The slow road to John Negroponte

By Tim Grieve

Published February 17, 2005 3:32PM (EST)

It has taken George W. Bush two months to find the nation's first intelligence czar, but it turns out that he didn't look far. The president's pick: John Negroponte, who has worked since June as the U.S. ambassador to Iraq.

Negroponte has a long resume in Republican administrations. Before Iraq, Negroponte was Bush's U.S. ambassador to the United Nations and, long before that, a player in the Reagan administration's Iran-Contra days. He served on Ronald Reagan's national security team in the late 1980s. And from 1981 to 1985, Negroponte served as U.S. ambassador to Honduras, where he helped the Contras fight Nicaragua's Sandinista government and, according to a series of stories in the Baltimore Sun, turned a blind eye to human rights abuses.

When the Senate Foreign Relations Committee took up Negroponte's nomination to serve as U.N. ambassador, he faced questions as to whether he had acquiesced in the actions of Honduran death squads that received funding and some training from the CIA. "To this day," Negroponte told the committee, "I do not believe that death squads were operating in Honduras." He'll face those questions again -- as well as new questions about Iraq -- during confirmation hearings for the national intelligence director job.

In announcing Negroponte's nomination this morning, Bush said that it comes at a "historic moment for our intelligence services." Bush called intelligence the nation's "first line of defense," and said that his administration is working hard to "stop the terrorists before they strike."

What Bush didn't say is that he and his administration dragged their feet on every step of the process that led to today's announcement. The creation of the job of national intelligence director was one of the primary recommendations of the 9/11 Commission. Bush originally opposed the creation of that commission, then supported it, then said later that he had never opposed it at all. He refused to testify before the commission, then agreed to "meet" with its members but only if Dick Cheney could come, too. He tried to keep Condoleezza Rice from testifying -- recent revelations suggest why -- before finally caving in.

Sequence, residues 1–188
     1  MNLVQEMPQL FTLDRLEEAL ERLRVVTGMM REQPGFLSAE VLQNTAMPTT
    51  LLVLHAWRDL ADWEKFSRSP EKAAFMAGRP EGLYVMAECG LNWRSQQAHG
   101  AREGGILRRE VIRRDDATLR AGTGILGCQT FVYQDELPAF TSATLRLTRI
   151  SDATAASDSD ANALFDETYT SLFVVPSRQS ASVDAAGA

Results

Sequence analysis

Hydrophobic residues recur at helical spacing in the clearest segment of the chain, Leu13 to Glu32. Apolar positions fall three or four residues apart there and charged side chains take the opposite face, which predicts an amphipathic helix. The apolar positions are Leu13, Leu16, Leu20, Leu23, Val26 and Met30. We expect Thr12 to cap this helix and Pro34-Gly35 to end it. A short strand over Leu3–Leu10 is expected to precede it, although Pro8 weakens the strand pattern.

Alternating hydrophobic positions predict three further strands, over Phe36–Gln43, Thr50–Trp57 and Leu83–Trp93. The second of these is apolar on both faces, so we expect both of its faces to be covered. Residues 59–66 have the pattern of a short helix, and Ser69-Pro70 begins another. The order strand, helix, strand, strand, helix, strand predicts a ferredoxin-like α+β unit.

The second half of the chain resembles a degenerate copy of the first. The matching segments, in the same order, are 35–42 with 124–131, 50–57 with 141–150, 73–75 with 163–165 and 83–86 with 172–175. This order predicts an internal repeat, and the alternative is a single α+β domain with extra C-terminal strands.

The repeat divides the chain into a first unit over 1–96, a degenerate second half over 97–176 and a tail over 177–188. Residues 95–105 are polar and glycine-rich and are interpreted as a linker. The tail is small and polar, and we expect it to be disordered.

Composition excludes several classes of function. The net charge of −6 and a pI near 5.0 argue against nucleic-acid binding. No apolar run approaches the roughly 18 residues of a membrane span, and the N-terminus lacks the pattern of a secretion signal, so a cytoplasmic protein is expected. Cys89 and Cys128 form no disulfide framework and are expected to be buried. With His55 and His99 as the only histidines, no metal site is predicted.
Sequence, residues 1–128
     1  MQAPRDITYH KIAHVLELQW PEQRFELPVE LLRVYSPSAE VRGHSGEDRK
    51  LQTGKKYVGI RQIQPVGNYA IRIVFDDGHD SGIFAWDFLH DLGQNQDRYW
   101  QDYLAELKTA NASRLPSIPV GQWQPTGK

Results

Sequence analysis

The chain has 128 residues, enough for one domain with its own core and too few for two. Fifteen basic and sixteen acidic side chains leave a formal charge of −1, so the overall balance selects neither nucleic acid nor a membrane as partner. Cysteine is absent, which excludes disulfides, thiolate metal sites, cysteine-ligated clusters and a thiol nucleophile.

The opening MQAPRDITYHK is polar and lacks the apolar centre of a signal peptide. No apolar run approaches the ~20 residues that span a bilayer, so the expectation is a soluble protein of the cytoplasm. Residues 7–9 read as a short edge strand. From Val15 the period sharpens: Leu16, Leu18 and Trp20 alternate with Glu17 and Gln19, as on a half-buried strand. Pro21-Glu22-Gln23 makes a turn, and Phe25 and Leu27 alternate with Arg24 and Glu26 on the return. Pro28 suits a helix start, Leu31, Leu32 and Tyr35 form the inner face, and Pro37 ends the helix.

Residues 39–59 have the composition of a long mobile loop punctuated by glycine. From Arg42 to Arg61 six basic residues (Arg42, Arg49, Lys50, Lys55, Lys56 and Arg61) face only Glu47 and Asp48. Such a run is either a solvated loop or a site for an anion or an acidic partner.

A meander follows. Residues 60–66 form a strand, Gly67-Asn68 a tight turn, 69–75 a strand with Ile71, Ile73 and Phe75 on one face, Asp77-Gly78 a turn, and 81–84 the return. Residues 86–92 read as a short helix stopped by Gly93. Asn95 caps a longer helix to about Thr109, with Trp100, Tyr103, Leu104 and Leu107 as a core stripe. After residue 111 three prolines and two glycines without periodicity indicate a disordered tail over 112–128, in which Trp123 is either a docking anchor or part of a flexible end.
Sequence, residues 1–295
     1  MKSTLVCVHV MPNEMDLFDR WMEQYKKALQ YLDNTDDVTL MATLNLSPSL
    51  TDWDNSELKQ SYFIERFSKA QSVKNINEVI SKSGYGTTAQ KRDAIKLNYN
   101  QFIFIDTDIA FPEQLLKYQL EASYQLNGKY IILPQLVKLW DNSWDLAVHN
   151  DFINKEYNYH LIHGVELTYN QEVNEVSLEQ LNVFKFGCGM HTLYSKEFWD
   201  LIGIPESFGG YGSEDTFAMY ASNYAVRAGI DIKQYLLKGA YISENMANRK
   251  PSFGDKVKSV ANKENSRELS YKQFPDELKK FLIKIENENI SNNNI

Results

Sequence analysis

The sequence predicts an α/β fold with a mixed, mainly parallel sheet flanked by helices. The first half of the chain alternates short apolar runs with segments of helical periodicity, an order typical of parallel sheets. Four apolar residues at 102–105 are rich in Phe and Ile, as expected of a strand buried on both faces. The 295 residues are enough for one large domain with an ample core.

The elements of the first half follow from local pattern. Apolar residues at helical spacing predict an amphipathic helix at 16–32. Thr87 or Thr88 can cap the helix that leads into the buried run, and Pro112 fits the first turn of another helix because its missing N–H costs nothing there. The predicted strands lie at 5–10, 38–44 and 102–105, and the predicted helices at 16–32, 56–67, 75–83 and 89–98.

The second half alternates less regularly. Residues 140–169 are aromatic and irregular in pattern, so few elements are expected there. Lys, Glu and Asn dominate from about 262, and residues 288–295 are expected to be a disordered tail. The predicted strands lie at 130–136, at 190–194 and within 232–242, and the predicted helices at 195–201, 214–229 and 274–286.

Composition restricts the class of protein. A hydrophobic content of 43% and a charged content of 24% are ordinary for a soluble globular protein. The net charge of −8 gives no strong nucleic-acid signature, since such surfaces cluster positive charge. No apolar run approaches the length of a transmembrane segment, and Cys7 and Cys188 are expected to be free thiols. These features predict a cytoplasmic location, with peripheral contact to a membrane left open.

When the 9/11 Commission issued its recommendations in July, Bush stalled and equivocated. While John Kerry and many others endorsed the recommendations out of the box, Bush took two weeks before coming out in favor of a watered-down version of the commission's call for a national intelligence director. Bush called on Congress then to act quickly and suggested that the matter come up for a vote in September. But despite the fact that Bush's party controls both the House and the Senate, Congress didn't get around to acting until mid-December. The White House blamed the delays on a few recalcitrant Republicans in the House, but it was also clear at the time that Pentagon staff -- and even, at times, Secretary of Defense Donald Rumsfeld -- were fighting the intelligence reforms on the same grounds that those renegade members of Congress are pushing.

A few more weeks will pass before Negroponte comes up for confirmation in the Senate. As Bush made his announcement this morning, Senate Intelligence Committee Chairman Pat Roberts said that he will schedule a confirmation hearing for Negroponte "as soon as his duties in Iraq are completed."

Tim Grieve

Tim Grieve is a senior writer and the author of Salon's War Room blog.

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